Google awards more prominent spot for third-party Drive apps

Summary:As other cloud storage services give more prominence to third-party apps, Google Drive is following suit.

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Google Drive is getting another refresh today, which is featuring a significant boost for third-party apps.

On the updated Create sidebar menu, "Drive-connected" apps now appear at the same level as Google-produced apps such as Docs and Sheets.

Furthermore, Google Drive users can now browse and install Drive-enabled apps right from within Drive without having to go to the Chrome Web Store or elsewhere.

After the app is installed, users should be able to immediately start using the third-party app to create or open files directly from within Drive.

Nicolas Garnier, a developer advocate for Google Drive and Google Apps, explained in a blog post on Friday that these changes are intended to make Drive-connected apps just as easy to reach and more visible to Google Drive users.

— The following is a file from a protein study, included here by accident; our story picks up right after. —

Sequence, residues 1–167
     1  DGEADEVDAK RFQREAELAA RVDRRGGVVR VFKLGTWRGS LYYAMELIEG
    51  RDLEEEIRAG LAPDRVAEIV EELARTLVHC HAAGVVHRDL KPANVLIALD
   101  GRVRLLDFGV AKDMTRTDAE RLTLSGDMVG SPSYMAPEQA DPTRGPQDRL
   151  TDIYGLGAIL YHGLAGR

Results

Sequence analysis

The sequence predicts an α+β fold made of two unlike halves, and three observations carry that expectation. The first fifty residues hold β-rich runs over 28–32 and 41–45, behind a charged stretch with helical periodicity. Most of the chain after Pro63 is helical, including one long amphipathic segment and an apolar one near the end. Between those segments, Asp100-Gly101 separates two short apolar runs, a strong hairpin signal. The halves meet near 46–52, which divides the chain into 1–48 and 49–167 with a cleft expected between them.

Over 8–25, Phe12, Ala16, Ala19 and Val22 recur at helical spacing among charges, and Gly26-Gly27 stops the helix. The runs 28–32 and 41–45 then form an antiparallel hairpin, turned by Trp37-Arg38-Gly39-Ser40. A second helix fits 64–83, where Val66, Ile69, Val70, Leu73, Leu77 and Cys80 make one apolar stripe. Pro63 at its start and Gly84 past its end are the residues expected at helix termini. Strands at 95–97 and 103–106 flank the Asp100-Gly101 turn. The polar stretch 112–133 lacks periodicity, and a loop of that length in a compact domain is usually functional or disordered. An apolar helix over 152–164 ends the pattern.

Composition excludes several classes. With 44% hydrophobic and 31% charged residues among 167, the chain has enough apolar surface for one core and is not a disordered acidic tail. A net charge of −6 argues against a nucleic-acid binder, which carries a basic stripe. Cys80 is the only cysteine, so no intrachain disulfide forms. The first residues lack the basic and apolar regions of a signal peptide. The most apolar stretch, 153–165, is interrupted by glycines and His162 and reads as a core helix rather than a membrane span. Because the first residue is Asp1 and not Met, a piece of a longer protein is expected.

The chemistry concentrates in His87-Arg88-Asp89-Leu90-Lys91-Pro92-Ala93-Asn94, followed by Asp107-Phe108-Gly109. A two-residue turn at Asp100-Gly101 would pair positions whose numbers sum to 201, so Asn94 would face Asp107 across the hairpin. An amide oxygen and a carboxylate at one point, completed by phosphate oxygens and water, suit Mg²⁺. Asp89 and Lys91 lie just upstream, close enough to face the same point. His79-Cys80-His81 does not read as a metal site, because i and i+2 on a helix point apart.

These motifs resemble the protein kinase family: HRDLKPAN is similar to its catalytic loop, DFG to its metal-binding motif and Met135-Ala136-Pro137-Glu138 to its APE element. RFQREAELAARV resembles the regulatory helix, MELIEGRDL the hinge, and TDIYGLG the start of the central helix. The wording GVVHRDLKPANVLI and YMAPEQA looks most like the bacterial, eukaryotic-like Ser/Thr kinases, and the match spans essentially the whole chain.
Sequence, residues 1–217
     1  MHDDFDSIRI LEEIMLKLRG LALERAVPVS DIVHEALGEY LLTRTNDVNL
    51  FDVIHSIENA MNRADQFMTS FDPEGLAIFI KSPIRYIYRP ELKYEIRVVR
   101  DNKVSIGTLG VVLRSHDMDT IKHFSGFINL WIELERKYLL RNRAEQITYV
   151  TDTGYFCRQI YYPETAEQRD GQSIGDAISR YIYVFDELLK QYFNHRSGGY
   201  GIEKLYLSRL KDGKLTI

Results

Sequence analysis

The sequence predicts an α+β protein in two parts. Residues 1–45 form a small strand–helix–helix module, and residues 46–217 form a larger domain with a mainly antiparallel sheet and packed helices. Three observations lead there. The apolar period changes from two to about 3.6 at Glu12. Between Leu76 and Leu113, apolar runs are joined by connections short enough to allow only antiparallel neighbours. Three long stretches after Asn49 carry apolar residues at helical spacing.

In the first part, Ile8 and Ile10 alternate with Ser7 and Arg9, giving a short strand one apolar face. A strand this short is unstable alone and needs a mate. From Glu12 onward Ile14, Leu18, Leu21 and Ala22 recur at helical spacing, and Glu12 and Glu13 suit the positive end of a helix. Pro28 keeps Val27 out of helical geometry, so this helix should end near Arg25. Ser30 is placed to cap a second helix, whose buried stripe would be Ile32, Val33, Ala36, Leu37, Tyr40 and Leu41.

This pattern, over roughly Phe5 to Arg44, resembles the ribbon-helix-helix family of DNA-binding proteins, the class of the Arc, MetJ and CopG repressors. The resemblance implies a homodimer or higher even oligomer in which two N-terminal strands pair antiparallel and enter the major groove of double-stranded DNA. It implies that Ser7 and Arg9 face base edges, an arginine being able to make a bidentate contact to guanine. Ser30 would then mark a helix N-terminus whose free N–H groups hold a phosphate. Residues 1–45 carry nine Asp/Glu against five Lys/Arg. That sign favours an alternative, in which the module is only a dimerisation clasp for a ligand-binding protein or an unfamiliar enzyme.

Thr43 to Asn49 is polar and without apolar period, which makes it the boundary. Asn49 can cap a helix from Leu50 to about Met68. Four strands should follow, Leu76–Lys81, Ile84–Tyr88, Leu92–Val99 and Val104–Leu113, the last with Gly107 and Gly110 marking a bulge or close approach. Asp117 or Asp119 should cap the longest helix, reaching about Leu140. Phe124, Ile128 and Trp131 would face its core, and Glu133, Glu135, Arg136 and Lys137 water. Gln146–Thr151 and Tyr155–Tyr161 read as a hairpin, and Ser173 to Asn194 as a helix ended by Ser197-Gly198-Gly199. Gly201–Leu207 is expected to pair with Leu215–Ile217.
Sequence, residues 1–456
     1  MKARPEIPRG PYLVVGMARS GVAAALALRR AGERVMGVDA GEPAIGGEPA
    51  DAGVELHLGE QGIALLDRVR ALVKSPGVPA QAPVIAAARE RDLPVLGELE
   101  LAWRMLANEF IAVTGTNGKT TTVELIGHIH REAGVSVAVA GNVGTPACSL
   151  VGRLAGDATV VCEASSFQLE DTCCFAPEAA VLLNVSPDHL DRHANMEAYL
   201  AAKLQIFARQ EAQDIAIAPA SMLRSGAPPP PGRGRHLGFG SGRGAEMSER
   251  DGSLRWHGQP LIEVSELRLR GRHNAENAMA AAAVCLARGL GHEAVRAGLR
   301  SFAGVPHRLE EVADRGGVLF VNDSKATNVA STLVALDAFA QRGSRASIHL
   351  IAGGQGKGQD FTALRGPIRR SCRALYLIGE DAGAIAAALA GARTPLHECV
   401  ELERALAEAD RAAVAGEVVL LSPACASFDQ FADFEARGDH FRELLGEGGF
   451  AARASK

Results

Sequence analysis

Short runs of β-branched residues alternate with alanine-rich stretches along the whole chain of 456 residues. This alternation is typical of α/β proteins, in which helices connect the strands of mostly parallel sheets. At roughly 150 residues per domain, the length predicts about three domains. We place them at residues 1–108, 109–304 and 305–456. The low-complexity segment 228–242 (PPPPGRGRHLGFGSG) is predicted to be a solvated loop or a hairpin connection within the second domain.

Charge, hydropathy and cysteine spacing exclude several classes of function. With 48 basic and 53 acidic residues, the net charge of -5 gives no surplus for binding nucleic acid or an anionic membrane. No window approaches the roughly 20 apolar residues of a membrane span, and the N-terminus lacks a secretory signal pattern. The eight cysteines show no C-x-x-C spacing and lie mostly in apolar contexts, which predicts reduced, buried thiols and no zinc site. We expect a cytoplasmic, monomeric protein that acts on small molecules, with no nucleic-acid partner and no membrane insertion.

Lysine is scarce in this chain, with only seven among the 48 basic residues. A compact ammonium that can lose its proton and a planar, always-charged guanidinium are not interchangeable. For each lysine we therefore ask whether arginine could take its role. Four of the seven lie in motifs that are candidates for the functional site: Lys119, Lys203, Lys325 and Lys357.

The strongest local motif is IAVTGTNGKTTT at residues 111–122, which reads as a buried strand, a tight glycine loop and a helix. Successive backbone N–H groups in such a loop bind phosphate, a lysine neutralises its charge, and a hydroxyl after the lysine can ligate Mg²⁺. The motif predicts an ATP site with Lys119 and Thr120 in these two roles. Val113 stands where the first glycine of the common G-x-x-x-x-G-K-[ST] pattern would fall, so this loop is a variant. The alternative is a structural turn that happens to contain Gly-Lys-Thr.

This could mean a good deal for third-party software developers and Software-as-a-Service partners. With more direct and easier access for Drive users, that could mean much more awareness, traffic and subscriptions for third-party providers.

It also comes at a time when other cloud storage providers are also increasingly boasting the number of services offered, both in-house and from collaborators.

For example, earlier this week, Box introduced its new global Partner Network , which consists of 50 resellers worldwide as well as 10 new strategic partners, including Autodesk and IBM Connections, among others.

The point of all of this is to entice businesses (and consumers to some extent) with the most well-rounded and feature-packed online hub -- in all essence, a one-stop shop for cloud-based storage and software.

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Images via The Google Developers Blog

Topics: Google Apps, Apps, Cloud, Google, Software, Storage

About

Rachel King is a staff writer for CBS Interactive based in San Francisco, covering business and enterprise technology for ZDNet, CNET and SmartPlanet. She has previously worked for The Business Insider, FastCompany.com, CNN's San Francisco bureau and the U.S. Department of State. Rachel has also written for MainStreet.com, Irish Americ... Full Bio

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